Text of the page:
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Home School of Community and Health Studies Blog 2020 November 24 How to manage your own nutrition: Tips for eating better

How to manage your own nutrition: Tips for eating better

A student chopping parsley on a cutting board

Eating healthy isn’t really about losing weight. It’s about nutrition, giving yourself more energy, improving your mood, keeping sickness away (all important things right now) and in the long run, living longer. In fact, it’s so important that it’s recognized as a specialty within the medical sector, known as Nutrition and Food Service Management. Nutrition management is needed for diverse situations, such as patients with diabetes or cancer, those in palliative care, or people who just had surgery. But before you can help others, you need to help yourself. Here’s a few ways you, personally, can eat healthier, from Insider, Thrillist and The Active Times. Some of these strategies could be scaled up in a nutrition management career.

Don’t just eat something because it says it’s healthy

Something can loudly call itself low-calorie or fat-free and still have a lot of other unhealthy things in it, like salt or sugar. For example, whole wheat bread isn’t healthier by default. It CAN be, but you need to make sure the specific one you’ve chosen is actually better for you. It always comes down to the same thing: Learn to read the nutrition labels. They never lie!

There’s such a thing as too much of the good stuff

Just because you’re eating fresh, whole foods doesn’t mean you don’t have to worry about portions. These foods still contain sugars, salts, fats and other things you don’t want too much of. It’s possible to overeat good foods, too.

There IS such a thing as too little of the bad stuff

Just eating less isn’t the key either, because if you inadvertently starve yourself, your body’s metabolism will slow down and it’ll start storing more of what you eat, as well as making you more hungry and tired.

Carbohydrates aren’t bad

So often, after a tiny bit of research, people trying to eat healthy will just decide to stop eating high-carb foods, such as pasta and bread. But they provide your body with energy, so while cutting them may cause some immediate weight loss, it’s not actually good for you and might actually make you feel burnt out, thanks to all the blood sugar you’ll lose.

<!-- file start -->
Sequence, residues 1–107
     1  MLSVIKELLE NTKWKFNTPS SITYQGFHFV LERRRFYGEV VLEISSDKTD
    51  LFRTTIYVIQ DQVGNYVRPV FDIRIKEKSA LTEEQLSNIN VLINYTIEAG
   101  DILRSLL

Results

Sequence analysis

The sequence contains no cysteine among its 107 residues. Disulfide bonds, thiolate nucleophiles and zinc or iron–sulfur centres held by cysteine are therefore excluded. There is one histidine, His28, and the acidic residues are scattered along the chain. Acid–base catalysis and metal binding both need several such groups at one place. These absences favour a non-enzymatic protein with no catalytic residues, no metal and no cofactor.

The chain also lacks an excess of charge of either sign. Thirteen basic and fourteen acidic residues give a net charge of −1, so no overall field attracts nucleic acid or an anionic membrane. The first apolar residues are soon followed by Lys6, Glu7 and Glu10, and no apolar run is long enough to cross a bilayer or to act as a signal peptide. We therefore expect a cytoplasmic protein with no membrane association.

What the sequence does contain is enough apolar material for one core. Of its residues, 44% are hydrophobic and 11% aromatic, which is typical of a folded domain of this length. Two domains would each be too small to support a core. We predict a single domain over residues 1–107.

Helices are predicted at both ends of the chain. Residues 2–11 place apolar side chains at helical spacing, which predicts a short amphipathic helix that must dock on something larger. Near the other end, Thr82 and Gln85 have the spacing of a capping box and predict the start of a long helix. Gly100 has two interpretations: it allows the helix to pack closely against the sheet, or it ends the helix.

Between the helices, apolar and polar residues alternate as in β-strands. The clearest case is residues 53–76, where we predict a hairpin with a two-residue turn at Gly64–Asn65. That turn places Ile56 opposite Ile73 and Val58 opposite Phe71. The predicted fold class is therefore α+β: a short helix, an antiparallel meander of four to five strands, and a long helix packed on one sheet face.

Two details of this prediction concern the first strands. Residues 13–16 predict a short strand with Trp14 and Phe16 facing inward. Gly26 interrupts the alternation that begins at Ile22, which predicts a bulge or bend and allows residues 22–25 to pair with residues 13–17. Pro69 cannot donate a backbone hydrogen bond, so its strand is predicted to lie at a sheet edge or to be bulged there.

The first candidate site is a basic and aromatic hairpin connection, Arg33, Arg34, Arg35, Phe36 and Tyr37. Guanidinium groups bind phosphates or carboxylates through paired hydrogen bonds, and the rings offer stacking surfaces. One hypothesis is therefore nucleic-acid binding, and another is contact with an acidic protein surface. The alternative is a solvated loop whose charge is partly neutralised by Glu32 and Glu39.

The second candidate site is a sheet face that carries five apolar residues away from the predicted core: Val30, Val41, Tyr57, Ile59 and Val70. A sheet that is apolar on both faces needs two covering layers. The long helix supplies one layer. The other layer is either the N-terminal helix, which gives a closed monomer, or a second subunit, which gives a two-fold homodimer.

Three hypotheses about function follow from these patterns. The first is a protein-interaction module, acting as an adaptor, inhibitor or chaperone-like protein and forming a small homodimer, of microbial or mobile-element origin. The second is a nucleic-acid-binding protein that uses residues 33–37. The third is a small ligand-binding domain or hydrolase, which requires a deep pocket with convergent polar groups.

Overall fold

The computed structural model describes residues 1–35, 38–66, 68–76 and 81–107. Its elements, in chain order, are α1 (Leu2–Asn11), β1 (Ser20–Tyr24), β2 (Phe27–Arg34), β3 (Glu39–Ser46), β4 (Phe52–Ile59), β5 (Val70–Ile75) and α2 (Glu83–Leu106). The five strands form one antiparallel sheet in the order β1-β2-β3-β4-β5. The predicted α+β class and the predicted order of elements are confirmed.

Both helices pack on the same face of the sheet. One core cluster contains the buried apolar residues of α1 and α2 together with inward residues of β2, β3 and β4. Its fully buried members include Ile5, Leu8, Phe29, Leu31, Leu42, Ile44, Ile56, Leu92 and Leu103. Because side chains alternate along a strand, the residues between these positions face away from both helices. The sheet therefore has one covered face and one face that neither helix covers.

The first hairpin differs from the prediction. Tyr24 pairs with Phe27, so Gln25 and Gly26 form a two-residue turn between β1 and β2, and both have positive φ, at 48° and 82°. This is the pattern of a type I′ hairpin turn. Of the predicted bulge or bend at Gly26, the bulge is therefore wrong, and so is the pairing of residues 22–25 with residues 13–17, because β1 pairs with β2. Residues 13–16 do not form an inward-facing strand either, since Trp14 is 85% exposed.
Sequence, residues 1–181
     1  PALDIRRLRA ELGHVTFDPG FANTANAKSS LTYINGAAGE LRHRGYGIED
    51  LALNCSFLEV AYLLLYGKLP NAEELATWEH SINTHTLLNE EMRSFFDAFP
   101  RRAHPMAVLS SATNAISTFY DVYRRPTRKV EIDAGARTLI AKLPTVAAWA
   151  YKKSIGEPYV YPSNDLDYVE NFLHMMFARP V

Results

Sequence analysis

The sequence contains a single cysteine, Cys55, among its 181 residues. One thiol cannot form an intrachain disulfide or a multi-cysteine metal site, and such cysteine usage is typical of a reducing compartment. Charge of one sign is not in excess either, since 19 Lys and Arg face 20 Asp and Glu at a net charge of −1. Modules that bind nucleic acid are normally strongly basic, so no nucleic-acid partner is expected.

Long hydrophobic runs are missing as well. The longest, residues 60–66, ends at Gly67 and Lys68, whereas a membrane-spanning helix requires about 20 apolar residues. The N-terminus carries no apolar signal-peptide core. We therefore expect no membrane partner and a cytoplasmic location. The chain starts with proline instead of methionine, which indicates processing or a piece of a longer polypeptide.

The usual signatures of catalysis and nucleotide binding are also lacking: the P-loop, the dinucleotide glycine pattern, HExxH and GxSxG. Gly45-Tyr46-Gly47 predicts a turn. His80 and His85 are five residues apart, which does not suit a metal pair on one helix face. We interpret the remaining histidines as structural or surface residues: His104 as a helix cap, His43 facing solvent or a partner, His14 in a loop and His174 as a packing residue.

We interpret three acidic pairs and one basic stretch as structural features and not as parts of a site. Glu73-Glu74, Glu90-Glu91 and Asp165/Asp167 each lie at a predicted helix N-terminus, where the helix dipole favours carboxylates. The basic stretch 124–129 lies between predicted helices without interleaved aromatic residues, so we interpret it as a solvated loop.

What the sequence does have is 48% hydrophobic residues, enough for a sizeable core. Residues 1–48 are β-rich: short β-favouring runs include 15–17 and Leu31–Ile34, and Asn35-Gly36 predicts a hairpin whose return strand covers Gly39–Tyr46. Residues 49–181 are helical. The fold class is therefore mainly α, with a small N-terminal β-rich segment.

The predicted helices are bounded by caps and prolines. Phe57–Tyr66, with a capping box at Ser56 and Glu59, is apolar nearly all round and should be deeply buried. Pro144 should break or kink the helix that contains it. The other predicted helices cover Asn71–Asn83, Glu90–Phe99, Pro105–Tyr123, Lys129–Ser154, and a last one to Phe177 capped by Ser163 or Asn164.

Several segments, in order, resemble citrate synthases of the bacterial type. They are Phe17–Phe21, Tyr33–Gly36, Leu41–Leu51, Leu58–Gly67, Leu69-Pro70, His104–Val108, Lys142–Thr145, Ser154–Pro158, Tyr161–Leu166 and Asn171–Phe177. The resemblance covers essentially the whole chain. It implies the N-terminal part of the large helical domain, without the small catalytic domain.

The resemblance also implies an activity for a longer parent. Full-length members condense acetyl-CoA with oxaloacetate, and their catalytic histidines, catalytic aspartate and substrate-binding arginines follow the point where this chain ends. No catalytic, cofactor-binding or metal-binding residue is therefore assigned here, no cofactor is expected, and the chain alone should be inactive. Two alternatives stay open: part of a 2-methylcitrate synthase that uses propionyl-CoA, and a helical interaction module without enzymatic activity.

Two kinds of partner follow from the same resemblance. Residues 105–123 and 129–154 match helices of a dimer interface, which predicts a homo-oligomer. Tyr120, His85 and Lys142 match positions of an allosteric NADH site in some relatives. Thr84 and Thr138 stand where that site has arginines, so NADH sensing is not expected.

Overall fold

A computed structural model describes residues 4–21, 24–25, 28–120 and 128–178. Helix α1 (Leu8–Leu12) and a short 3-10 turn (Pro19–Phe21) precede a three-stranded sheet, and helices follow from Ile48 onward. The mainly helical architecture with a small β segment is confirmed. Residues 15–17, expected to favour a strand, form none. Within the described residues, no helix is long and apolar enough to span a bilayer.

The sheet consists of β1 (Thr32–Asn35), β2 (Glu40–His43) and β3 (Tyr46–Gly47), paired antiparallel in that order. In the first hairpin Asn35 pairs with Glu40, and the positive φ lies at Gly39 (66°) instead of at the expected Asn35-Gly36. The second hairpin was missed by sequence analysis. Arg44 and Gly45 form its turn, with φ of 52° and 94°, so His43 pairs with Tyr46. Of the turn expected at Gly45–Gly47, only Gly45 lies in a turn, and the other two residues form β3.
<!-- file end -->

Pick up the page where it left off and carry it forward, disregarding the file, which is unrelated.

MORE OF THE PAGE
You need to eat breakfast

Skipping meals just leads to weight gain, and does weird things to your body’s metabolism, triggering that starving state I mentioned above. Eating a well-balanced breakfast is a great way to fuel your body for that all-important start of the day.

Pay attention to what you drink

It’s not just what you eat that’ll affect your health. Unless you’re only drinking water and black coffee, the liquids you take in can be bad or good for you as well. Keep the cream and sugar out of your coffee, watch your alcohol intake, and consider some nutritious smoothies. Beer, in particular, is often the same as drinking bread.

Don’t overload yourself on protein

Protein is important and has the advantage of making you feel full and building muscle – but have more of it than you need and it’ll just get turned into more fat. So, if you’re making a protein shake, don’t overload it, and definitely don’t try to live off of them exclusively. Again, a balanced diet is the key.

Don’t fall off the wagon on weekends

Cheat days happen, but entire cheat weekends can be bad for you and can easily cancel out all of the good things you took in during the week.

Keep your diet mixed

Once you’ve figured out a few healthy foods to eat, it’s tempting to just eat them over and over again. But you might miss essential nutrients, and on a psychological level, the boredom alone could lead you to stop eating healthy. So keep your diet varied and interesting.

Exercise can lead to mistakes

First of all, the saying “you can’t outrun a bad diet” is true. Though getting some exercise is always good for you, it can’t be a replacement for eating healthy. At the same time, working out can make you hungry, so you need to be careful not to overeat in your post-workout hunger.

Beware of salad dressing

Salads are a good, easy way to eat healthy, but one of the easiest blunders to make is to cover them in ranch, blue cheese, Caesar, or other dressings that basically cancel out the goodness in them. So stick to low-fat dressings (and check the labels!), or just go for an old-fashioned vinaigrette. Being informed can help you make better decisions and turn healthy eating into a habit, not a chore.

Another thing to watch out for: Vegetable oil

Don’t cook with too much vegetable oil, since it can slow your metabolism, and doesn’t really have much in the way of nutrition. Instead, consider unrefined olive oil or avocado or almond oil. These are healthy alternatives you won’t even notice in your food.

Interested in a career?

As a Nutrition and Food Service manager, you’d be applying knowledge like this to help people that need their nutrition managed. In this career, you will plan, organize and deliver menus to accommodate the needs of patients in the healthcare industry. If Nutrition and Food Service Management sounds like a career you could do on a large scale, Centennial College can connect you to it with its two-year diploma program. It’s the longest program of its kind in the Greater Toronto Area, and has received plenty of awards for how well it can prepare you for your career. Before graduating, you’ll take part in a field placement, practising what you’ve learned in a real workplace to make sure those that should eat right get the healthy nourishment they need.

By Anthony Geremia